March 31, 2011

Augustine (354–430) and John Mayer (1583–1664) on Loving the Person and Hating the Sin

Mayer cites Augustine as follows:
Text 31. Vers. 43. Yee have heard, that it hath beene said, Thou shalt love thy neighbor, and hate thine enemy.

August. These last words are not to be taken, as the words of one commanding a just man, but tollerating a weake one. And herein the law is not against the Gospel, for Paul saith, that some men are hatefull unto God, and therefore may be hated of us; but they are to be hated onely in respect of their vices, and not of their persons, which be Gods creatures; this being not understood, made the Scribes to thinke, that they might hate the very person of their enemies. But Christ teacheth to love our enemies, setting downe precepts for the perfect, unto which every faithfull person ought to strive by prayer, and indeavour to attaine.
John Mayer, A Commentary Upon the New Testament, Vol. 1 (London: Printed by Thomas Cotes, for John Bellamie, and are to be sold at his shoppe in Cornehill, at the sign of the three Golden Lyons, neere the Royall Exchange, 1631), 111. Mayer cites Augustine's De sermone Domini in monte c. 41, c. 42, Enchiridon c.73, and Contra Faustum Manichaeum lib. 19. c. 14 [see c. 24 or NPNF, 1st Series, 4:248] in the margin. Some of these references seem to be incorrect.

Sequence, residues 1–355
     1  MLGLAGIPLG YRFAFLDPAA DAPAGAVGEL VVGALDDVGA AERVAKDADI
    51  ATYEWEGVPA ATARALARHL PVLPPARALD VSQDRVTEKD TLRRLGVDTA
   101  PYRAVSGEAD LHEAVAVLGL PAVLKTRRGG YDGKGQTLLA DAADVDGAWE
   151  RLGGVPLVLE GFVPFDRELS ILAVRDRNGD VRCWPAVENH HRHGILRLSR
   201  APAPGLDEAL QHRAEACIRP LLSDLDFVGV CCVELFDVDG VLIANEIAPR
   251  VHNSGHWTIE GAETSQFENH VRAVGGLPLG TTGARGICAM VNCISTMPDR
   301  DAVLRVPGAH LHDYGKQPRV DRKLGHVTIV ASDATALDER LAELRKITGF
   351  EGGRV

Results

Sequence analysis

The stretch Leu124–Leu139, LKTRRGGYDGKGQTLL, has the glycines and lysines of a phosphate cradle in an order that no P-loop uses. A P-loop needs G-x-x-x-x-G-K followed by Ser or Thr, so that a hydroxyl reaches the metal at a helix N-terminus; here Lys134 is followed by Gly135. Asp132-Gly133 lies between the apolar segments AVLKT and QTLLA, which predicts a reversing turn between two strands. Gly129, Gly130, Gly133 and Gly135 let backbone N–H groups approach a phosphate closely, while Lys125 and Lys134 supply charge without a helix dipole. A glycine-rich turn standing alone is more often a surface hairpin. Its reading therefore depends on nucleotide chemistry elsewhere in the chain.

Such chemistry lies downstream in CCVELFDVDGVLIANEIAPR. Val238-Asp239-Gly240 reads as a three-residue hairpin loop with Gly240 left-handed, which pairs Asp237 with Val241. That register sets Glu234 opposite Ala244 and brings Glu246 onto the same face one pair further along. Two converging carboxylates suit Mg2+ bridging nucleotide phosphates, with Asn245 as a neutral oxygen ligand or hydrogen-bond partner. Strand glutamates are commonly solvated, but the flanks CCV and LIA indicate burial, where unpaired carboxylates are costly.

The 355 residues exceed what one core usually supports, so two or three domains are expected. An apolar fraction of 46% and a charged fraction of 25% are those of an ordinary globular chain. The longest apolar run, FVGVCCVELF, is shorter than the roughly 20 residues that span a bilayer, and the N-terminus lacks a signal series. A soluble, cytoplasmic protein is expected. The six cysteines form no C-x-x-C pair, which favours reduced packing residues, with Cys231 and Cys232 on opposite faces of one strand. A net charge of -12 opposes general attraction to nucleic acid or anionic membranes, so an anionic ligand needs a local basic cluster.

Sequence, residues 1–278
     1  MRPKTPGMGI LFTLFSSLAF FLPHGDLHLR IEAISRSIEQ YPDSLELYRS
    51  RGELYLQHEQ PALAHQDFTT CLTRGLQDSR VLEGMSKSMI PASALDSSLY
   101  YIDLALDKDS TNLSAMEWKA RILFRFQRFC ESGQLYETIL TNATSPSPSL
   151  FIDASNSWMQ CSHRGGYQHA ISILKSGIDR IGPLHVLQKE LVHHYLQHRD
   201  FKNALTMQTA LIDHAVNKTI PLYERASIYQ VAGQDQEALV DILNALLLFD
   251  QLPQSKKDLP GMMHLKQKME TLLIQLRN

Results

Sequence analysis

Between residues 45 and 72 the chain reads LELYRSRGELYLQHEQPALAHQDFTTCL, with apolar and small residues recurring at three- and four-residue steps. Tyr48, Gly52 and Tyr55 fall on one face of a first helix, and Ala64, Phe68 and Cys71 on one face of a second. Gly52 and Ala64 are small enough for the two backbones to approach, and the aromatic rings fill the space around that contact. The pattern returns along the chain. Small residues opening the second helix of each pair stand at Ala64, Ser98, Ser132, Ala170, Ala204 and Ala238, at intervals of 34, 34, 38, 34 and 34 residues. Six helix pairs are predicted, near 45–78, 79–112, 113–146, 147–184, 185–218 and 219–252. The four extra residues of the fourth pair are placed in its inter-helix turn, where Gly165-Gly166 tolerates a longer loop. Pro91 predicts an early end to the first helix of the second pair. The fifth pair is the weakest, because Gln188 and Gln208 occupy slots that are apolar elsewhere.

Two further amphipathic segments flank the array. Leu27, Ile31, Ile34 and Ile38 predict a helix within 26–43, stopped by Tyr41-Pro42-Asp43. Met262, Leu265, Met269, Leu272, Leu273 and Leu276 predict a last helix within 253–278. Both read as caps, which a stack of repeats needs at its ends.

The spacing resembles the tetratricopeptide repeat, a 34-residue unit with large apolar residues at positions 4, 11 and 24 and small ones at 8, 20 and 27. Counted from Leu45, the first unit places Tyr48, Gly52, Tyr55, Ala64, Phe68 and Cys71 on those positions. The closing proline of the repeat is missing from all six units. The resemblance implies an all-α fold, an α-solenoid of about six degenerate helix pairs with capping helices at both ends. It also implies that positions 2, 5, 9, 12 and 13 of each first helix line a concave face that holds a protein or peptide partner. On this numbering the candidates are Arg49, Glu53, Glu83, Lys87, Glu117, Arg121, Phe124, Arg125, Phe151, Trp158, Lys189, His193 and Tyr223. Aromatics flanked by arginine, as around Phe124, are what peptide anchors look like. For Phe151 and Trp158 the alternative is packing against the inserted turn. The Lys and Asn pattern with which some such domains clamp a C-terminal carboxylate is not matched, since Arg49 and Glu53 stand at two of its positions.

Mayer then comments:
And with Augustine, I think, that there is an hatred of enemies agreeable to Gods word, viz. the hatred of their vices, but not of their persons, which are notwithstanding to be loved, and prayed for.
Ibid., 112.

Bio on Mayer:

Note: The modern slogan that we should "love the sinner but hate the sin" is one that, at least conceptually, goes back to Augustine, but is not understood by many today. For him and others (i.e. Aquinas, Calvin, Rutherford, Jenkyn, Manton, Polhill, Mayer, etc.), this idea was the same as saying that Christians should love lost people as creatures of God and yet hate them as sinners. They may be loved and hated at the same time but in different respects, even as God both loves and hates the unbelieving elect at the same time but in different respects (see Charnock and Pawson).

No comments: